Key Economic Data Point to Rising Risk of U.S. Deflation

So far, the United States has largely kept the economic demon of deflation at bay.

But the latest data suggest that the U.S. may be inching closer to the deflationary plight of the European Union.

For example, the 5-Year breakeven inflation rate in the U.S. has fallen to 2009 levels.

A January 11 Business Insider article also points out that nonsupervisory employees have seen a sharp decline in wage growth despite a growth in payrolls.

Here's an article excerpt:

Unlike a number of other nations — especially some countries in Europe — the US is currently not dealing with general price declines. However, the risks of such an occurrence have increased materially.

This for example can be seen in the intermediate-term market-based inflation expectations, which have fallen to 2009 levels — when deflation was a serious concern.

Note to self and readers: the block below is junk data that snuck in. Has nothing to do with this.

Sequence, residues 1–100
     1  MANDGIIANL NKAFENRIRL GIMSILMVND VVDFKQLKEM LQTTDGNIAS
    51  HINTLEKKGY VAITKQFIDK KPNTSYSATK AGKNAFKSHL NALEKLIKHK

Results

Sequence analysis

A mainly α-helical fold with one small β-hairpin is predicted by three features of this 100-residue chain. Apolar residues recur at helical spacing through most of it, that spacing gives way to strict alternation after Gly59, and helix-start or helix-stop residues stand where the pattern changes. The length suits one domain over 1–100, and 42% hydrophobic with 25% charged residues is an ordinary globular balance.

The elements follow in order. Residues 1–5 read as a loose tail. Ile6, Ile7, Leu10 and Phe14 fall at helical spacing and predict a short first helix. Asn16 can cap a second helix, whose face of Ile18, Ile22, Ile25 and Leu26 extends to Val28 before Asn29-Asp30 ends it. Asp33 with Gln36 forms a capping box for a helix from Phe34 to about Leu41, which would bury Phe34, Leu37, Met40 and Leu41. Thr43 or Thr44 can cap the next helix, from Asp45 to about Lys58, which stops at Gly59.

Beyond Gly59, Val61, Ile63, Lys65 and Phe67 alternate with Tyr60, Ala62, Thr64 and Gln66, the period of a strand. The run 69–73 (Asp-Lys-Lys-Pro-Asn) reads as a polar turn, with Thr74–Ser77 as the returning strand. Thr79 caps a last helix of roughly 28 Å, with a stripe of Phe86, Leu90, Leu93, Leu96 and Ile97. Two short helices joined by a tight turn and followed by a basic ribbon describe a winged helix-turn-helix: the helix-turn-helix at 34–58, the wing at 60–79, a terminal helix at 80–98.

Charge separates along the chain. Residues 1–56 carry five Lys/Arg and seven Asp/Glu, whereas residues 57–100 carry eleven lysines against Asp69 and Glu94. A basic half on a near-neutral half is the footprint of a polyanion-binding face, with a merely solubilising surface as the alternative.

One key data point supporting these rising risks came from last Friday’s jobs report. The report showed wage growth falling from a fairly stable level of 2% per annum.

In particular, "production and nonsupervisory employees" saw a sharp decline in wage growth — in spite of robust growth in payrolls

Economists have been expecting the recent strength in US labor markets, including big increases in job openings, to translate into stronger wages. However, just the opposite has taken place.

Now, combine slowing wage growth with global disinflationary pressures and the collapse in energy as well as other commodity prices

Plus, as an additional data point, the PriceStats CPI trend (online-price-based CPI-tracking model) has fallen to 2009 levels.

Putting it all together points to rising risks of deflation in the US.

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